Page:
1) Rivet Detail
Having seen a number of
inspiring examples of home-made rivet detail on large scale models, I
decided to give it a whirl. Using the Squadron “Walk Around” reference
and the kit’s box art as guides, I used Hasegawa’s rivet scriber
(HSGTL11) and rivet gauge (HSGTL12) to create thousands of rivets on the
fuselage, tail and wings.
Tamiya tape was used to guide
the placement of the template on the model. Once the rivets were in
place, I gently polished the model’s surfaces with a Micromesh sanding
cloth. This was done to help mute the appearance of the rivets, since I
did not want my model to appear dimpled like a golf ball. Although the
rivets are difficult to discern in my photographs of the completed
model, they are visible when viewed up close and from certain angles.
I found the kit’s cockpit to be
quite acceptable, particularly given that much of it remains in shadow
on the completed model, even with the canopy open. For those inclined,
MDC and Eagle Editions offer resin replacement cockpits that are much
more richly detailed. I opted to replace the kit’s seat with a spare
seat from the Eagle Editions cockpit set. This minor addition greatly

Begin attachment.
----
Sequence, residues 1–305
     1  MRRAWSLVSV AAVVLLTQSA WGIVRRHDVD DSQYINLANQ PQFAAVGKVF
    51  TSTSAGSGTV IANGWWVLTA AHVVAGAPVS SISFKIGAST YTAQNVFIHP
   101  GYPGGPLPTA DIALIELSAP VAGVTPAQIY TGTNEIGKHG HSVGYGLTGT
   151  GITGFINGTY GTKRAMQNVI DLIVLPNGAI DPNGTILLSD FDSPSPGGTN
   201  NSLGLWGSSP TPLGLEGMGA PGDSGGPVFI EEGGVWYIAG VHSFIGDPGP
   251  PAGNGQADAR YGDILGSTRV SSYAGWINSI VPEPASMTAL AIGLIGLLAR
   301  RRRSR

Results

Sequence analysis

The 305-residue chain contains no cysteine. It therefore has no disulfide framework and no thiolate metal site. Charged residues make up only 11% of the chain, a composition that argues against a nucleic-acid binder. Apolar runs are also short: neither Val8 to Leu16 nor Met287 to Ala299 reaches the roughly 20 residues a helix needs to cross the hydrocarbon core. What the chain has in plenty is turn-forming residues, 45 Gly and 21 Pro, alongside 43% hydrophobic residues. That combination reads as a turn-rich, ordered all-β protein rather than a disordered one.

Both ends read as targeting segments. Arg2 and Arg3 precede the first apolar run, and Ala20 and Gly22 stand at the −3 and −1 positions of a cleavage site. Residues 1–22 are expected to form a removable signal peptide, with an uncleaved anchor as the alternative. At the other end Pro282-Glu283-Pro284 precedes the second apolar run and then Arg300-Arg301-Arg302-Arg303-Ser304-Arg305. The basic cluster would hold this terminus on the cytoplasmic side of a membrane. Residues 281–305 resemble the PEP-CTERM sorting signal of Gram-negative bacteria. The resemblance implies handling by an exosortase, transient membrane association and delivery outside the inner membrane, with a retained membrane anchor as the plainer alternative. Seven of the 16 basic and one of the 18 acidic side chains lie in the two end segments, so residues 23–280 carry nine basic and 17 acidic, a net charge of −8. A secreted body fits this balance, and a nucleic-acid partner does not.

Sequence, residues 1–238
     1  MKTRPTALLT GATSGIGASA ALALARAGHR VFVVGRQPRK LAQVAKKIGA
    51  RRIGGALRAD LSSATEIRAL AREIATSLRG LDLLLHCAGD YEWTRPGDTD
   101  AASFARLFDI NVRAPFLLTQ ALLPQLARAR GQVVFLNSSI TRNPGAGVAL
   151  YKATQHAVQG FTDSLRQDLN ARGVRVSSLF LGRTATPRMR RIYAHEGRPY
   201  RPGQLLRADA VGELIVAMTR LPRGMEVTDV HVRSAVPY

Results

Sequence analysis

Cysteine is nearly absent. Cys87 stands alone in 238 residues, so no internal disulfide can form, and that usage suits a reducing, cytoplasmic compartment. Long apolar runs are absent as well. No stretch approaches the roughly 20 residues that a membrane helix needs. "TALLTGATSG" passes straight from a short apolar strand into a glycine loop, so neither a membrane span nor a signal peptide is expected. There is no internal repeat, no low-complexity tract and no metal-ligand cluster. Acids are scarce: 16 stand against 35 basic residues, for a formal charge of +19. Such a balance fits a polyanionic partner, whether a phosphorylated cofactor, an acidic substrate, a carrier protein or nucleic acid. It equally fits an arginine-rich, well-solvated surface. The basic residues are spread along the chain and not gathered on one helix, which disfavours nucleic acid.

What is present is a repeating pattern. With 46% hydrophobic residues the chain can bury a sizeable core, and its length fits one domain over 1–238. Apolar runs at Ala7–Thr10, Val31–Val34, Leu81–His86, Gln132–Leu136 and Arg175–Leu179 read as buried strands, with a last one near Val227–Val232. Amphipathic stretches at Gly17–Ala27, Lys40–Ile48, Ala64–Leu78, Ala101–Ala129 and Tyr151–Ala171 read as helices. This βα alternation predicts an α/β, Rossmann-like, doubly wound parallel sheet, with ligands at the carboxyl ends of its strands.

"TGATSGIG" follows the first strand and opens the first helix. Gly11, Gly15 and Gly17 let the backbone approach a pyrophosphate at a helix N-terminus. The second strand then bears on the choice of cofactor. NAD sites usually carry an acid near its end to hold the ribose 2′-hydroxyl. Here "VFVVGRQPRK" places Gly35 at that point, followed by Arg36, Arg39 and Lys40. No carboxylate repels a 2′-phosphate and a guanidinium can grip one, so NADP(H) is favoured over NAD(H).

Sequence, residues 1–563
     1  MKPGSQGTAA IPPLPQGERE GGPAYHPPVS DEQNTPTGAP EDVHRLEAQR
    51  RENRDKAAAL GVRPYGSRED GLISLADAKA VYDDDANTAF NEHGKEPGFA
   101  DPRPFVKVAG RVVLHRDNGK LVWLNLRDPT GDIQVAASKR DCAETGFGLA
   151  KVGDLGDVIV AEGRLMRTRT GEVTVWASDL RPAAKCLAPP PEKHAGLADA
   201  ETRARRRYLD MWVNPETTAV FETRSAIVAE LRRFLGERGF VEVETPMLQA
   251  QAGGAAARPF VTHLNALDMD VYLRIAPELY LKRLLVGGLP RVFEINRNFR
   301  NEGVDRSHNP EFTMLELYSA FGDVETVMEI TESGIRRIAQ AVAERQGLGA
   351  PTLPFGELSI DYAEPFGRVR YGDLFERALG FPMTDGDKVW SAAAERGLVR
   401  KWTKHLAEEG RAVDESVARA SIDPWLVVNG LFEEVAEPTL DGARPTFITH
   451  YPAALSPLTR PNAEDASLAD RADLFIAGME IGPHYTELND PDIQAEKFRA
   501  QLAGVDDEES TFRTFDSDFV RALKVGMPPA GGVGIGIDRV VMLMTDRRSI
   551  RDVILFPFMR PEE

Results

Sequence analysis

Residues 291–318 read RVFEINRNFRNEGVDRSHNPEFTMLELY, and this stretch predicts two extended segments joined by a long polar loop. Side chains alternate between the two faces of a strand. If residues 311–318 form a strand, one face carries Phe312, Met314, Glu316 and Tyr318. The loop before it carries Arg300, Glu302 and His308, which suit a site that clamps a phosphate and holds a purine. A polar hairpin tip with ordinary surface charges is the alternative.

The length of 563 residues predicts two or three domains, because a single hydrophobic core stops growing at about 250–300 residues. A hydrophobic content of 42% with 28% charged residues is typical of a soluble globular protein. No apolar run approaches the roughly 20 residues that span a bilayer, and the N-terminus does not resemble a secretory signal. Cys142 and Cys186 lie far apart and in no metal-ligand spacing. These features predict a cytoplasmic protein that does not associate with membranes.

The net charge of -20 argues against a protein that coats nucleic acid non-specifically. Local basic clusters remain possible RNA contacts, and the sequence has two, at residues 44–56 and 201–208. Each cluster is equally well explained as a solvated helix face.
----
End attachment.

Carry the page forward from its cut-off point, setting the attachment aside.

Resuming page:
enhanced the appearance of the cockpit, since the seat is the most
prominent part of the cockpit. Support rails for the seat were made
from Evergreen styrene. The cockpit was painted RLM66 using Polly Scale
acrylic. A wash of reddish-brown enamel was used to flush out details
in the cockpit, and SnJ polishing powder was used sparingly to simulate
worn surfaces on the floor panels. Silver-colored pencil was also used
to highlight detail in the cockpit.
The photograph below shows a
cockpit that I am currently working on for the Hasegawa 1/32 Fw190A-8.
I have included it here because it incorporates the same basic changes I
made to the Dora cockpit. The dials on the instrument panel were added
individually by punching them out from the kit’s decal sheet.